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A web service I consume uses XSD to describe its API. Recently, they added a field to a reply message where no xsd:any had been, so when our schema validator tried to validate against the previous xsd, it failed. We considered this a backwards incompatibility and opened a ticket.

Their architect replied that we should validate our outgoing messages (requests), but not bother to validate replies. We should pick and choose the fields we want in the replies and ignore the rest. He also said that we should set our schema validator to ignore "new" fields and validate the rest.

If such a setting exists for some schema validators, then maybe this architect is not wrong, but on the other hand if my application breaks because a field I don't need to care about changed (or got created) doesn't that indicate a violation of the interface segregation principle? Is it really acceptable for me to validate the individual fields of the object piecemeal instead of expecting it to be all-or-nothing correct?

I realize that not validating incoming data from an external service has security implications as well, but in this question I'm trying to learn about the architectural principles more than the security aspects.

  • doesn't that indicate a violation of the interface segregation principle -- It depends on whether or not there actually is an interface, i.e. a formal specification. I'm not sure I buy the position "don't validate replies," though. – Robert Harvey Jun 3 '15 at 15:33
  • @RobertHarvey You don't regard an XSD as a formal specification of a data object's interface? – kojiro Jun 3 '15 at 15:33
  • Does their architect provide one? – Robert Harvey Jun 3 '15 at 15:34
  • @RobertHarvey The service provides various XSDs describing the schema for requests and replies. – kojiro Jun 3 '15 at 15:35
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    Then it sounds like the problem is they're not updating their XSD's properly. Just saying "don't bother validating" is not an excuse; they need to fix the problem. – Robert Harvey Jun 3 '15 at 15:35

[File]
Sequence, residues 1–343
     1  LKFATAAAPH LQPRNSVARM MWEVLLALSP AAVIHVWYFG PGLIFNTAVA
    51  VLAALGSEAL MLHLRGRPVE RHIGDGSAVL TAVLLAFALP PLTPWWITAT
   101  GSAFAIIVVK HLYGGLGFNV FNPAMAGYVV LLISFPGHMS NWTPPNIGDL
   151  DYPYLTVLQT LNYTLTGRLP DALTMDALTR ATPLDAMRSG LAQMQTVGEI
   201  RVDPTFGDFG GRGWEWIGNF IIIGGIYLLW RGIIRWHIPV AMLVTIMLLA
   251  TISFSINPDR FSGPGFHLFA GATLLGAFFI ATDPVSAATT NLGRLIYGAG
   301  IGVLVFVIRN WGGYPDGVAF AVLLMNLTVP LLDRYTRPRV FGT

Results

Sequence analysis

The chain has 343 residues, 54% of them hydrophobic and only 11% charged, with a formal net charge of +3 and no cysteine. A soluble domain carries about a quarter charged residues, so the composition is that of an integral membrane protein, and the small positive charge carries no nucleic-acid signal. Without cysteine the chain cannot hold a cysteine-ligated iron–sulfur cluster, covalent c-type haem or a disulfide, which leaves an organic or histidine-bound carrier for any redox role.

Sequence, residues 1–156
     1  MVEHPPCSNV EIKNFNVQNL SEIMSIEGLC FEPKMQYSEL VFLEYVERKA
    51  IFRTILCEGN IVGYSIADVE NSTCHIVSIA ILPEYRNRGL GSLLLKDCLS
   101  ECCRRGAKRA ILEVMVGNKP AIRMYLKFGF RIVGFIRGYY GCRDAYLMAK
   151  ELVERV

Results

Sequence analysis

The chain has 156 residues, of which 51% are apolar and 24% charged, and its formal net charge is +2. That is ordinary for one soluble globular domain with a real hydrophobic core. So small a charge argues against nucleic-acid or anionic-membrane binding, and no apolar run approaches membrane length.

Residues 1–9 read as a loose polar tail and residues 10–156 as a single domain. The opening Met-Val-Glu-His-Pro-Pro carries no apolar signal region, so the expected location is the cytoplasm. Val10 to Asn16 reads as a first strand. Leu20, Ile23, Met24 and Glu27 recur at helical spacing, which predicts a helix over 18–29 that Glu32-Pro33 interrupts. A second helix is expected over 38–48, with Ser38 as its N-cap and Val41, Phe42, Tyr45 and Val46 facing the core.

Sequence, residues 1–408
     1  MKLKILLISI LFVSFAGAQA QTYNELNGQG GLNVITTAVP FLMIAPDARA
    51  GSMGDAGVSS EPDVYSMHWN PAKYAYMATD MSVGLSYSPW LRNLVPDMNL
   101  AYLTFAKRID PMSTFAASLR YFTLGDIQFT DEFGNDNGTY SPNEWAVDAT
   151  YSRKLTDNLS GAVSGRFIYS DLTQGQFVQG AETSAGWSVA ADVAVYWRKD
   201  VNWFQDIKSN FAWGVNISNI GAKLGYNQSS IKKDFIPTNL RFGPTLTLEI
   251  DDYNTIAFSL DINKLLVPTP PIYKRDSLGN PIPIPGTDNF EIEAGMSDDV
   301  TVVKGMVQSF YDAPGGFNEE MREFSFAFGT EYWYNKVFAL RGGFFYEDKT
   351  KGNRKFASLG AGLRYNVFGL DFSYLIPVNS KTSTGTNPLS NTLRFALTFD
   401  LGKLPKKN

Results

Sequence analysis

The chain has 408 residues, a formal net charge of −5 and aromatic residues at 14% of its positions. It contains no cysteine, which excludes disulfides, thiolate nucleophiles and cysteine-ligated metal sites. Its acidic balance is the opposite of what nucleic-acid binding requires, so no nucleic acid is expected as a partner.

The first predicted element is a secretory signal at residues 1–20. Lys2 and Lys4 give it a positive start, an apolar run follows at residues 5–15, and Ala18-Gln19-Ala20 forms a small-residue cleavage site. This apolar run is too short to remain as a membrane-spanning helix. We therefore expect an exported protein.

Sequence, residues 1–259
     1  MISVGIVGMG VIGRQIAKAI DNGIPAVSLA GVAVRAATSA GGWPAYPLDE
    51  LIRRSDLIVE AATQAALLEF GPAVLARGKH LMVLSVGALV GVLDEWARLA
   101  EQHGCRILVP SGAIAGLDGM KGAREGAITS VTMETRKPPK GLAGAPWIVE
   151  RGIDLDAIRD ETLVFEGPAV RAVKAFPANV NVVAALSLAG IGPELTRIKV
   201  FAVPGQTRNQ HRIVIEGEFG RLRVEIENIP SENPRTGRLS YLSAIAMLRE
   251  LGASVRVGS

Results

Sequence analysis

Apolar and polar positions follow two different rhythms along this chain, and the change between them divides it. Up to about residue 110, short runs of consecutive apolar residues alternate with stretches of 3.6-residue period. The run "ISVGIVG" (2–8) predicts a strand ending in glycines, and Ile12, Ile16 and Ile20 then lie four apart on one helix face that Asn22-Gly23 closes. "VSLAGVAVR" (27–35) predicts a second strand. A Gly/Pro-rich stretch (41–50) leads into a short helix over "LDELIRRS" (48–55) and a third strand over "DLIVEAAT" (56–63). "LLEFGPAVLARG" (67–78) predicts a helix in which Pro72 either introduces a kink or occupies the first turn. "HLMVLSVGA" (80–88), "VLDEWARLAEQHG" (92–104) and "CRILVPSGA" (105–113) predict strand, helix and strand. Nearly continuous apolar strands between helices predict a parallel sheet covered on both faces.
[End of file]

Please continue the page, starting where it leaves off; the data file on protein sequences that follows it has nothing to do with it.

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Their architect replied that we should validate our outgoing messages (requests)...

They are not practicing what they preach. If they were, you'd be receiving messages valid to the XSD.

The problem is definitely on their side and they should fix it, but in the real world we often have to work around issues others create, so you may need to "not bother to validate replies" just to keep things going.

With Internet protocols in general, we try to generate standards compliant output while being tolerant of noncompliant input. I'm trying to find the RFC about HTML or HTTP (or whatever it was) that put it this way, but not much luck at this time. But the point is being tolerant on your side helps keep things going eventhough it feels dirty.

  • In general, the tolerance mandate applies to HTML, not XML. If you're going to validate XML with an XSD, there should be a reasonable expectation that the XML actually complies. – Robert Harvey Jun 3 '15 at 16:46
  • XHTML hasn't failed. I use it in almost all our projects - yes, served as application/xhtml+xml But then again, I like to know things are right. – Dan Armstrong Jun 3 '15 at 16:49
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    @DanArmstrong it sounds like you're talking about Postel's Law, which was directly quoted in an early TCP spec. – kojiro Jun 3 '15 at 16:53
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If you're using the replies as input to your system, then you definitely should validate them. If you're just checking for success or failure, and possibly recording some returned IDs, then you probably don't need to validate, but I agree that you should make the web service guys fix their problem. They should have procedures in place to switch you to a new version of the service if they make a non-backwards-compatible change. And hopefully this will make them a little more careful about their schema design going forward!

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I guess, if there is an XSD schema, you should be able to validate everything against it. Well, it is the purpose of itS existence ;)

So, I guess they just need to release a new version of their schema for you to update your software.

As for adding a new field into a reply... Well, if there was no schema, I would think that should not be considered a BC break. When you design an API consumer, you should be as agile as possible. Removing a field or changing its format should be a BC break for you. But adding a new one should not.

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